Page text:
Should priests be celibate? | The Tylt

Should priests be celibate?

Catholic priests cannot marry, which means they must abstain from sex of any kind. Yet, priests now have a tragic reputation for sexual abuse against minors, and now nuns as well (confirmed by Pope Francis in early 2019). According to Catholic doctrine, priests are celibate in order to prioritize their connection to God. But others point out contradicting evidence in the bible for such a mandate. Clearly, the consequences are dire. What do you think?

FINAL RESULTS
Culture
Should priests be celibate?
A festive crown for the winner
#NoPriestCelibacy
#PriestsStayCelibate
Dataviz
Real-time Voting
Should priests be celibate?
#NoPriestCelibacy
#PriestsStayCelibate
#NoPriestCelibacy

Since 2002, the priesthood has become synonymous with sex abuse, particularly the abuse of minors. After The Boston Globe's Spotlight team famously revealed the church's massive coverups for priests guilty of such charges, the public has been on red-alert when it comes to priests abusing power and position. 

In early 2019, Pope Francis confirmed another sex scandal within the church: the abuse of nuns by priests. The New York Times' Jason Horowitz and Elizabeth Dias report: 

Francis spoke about a case in which Benedict dissolved an order of nuns “because a certain slavery of women had crept in, slavery to the point of sexual slavery on the part of clergy or the founder.”
Even though the abuse of nuns gets less attention than the abuse of children and young men, it is not new. In the 1990s, as the child sex abuse crisis was starting to emerge in the United States, leaders of women’s religious orders wrote several reports calling attention to cases of priests abusing nuns.
#NoPriestCelibacy

These allegations come from all over the world. Although a rule of celibacy cannot be blamed for widespread abuse, as the Washington Post's Robert Mickens points out, many priests are not "psychosexually mature" because of the rule of celibacy. For that matter, the church's blatant disregard of varying sexual orientations among priests only accelerates the issue.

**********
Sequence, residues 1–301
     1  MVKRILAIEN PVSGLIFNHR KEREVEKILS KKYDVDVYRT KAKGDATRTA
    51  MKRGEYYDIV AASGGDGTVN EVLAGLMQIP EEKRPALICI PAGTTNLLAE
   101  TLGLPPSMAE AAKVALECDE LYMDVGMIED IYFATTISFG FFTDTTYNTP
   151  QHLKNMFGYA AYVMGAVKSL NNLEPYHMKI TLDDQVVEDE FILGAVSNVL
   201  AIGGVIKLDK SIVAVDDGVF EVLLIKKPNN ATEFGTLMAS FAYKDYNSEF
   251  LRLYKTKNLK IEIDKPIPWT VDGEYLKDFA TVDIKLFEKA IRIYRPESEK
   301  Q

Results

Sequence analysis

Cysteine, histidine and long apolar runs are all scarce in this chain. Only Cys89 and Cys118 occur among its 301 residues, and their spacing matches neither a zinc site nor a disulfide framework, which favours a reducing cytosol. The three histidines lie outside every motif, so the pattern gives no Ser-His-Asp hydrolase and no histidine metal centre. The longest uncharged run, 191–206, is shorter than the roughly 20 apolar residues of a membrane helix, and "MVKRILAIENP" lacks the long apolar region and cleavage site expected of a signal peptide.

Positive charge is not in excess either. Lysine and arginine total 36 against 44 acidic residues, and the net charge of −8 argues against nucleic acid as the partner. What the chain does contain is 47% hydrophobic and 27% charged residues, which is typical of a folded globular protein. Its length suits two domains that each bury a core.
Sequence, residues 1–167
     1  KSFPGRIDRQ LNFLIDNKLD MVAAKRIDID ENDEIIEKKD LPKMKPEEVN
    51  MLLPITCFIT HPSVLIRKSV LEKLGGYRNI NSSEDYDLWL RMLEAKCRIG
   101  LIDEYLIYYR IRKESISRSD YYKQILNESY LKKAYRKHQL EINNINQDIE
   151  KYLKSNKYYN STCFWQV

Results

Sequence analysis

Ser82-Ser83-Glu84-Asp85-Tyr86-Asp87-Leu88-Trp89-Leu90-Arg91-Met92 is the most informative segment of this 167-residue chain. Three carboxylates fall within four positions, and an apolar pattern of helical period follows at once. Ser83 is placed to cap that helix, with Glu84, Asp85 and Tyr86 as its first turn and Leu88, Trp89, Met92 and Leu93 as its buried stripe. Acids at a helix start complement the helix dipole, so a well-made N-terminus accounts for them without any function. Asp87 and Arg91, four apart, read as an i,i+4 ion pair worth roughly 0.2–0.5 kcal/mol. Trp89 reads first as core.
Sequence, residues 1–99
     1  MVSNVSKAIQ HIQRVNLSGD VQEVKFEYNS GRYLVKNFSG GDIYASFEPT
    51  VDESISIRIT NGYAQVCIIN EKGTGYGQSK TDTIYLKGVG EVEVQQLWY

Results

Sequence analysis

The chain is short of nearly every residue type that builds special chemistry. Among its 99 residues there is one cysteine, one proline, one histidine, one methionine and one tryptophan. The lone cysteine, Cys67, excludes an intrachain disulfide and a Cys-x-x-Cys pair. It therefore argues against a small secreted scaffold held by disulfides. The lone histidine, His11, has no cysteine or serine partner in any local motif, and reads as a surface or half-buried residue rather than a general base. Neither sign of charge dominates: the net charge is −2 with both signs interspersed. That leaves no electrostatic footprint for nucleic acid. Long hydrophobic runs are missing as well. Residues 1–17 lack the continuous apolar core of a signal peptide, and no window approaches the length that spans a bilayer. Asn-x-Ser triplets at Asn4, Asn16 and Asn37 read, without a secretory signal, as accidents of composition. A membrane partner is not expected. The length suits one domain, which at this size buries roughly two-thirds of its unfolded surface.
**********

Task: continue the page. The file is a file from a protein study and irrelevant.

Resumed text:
Mickens explains his thinking: 

The Vatican knows all too well that there are large numbers of priests and seminarians with a homosexual orientation. But rather than encourage a healthy discussion about how gays can commit themselves to celibate chastity in a wholesome way, the Church’s official policies and teachings drive such men even deeper into the closet.
And like any other dark place lacking sunlight and air, this prevents normal development and festers mold, dankness, distortion and disease. Nothing kept in the dark can become healthy or flourish.
#PriestsStayCelibate

It is irresponsible to blame sex abuse on clerical celibacy. Doing away with abstinence will not end abuse. It is the power structure and the corruption within the church itself that are to blame for decades of widespread misdeeds.

#PriestsStayCelibate

Celibacy among priests has nearly 1,000 years of precedent. According to U.S. Catholic, Pope Gregory VII barred married priests from taking up the cloth in 1075. The First Lateran Council formalized Gregory's decree in 1123, and celibacy has been a rule for Catholic Priests since. 

Santiago Cortes-Sjoberg writes:

Current church teaching sees celibacy as a gift that God bestows on those who are called to the priesthood. Among the church's arguments in defense of celibacy is the example of Jesus, which must be reflected in the life of a priest. Through celibacy the priest mirrors the love that Christ has for all, a love that the priest, unattached to spouse and children, can also extend.

A priest's full commitment must be to God and his Parrish. Marriage and families would distract from priests' responsibility of acting as spiritual guides.

#PriestsStayCelibate

Pope Francis himself has confirmed that celibacy is a gift. Yahoo! News reported on the pope's comments: 

"Personally I think that celibacy is a gift to the Church," the pope told journalists aboard his plane returning to the Vatican from Panama.
#NoPriestCelibacy

Out of all the Christian denominations, Catholicism aligns most with the Orthodox church, which splintered from Catholicism in what is known as the Great Schism in 1054. However, among their differences is this very topic: Orthodox priests can marry, while Catholic priests cannot. 

An Orthodox priest can only marry before he takes his vows, if he is to do so at all. Wesley J. Smith explains for First Things, an interreligious research and educational organization, that most Orthodox priests do choose to marry, considering it the "the penultimate step before becoming a priest." According to Smith, this Orthodox policy can have a positive effect on a congregation:

There are several benefits to having married priests. It allows the men who toil in the trenches of parish life to experience the joy of having a wife and children, which makes the priestly call easier to follow. Many believe that having a family helps a priest better understand the everyday trials of the laity. At the same time, since a married priest must find a mate before being ordained, he is not distracted from his parish duties by the search for love.

Imagine what the same practice could have on the Catholic church at large. 

FINAL RESULTS
Culture
Should priests be celibate?
A festive crown for the winner
#NoPriestCelibacy
#PriestsStayCelibate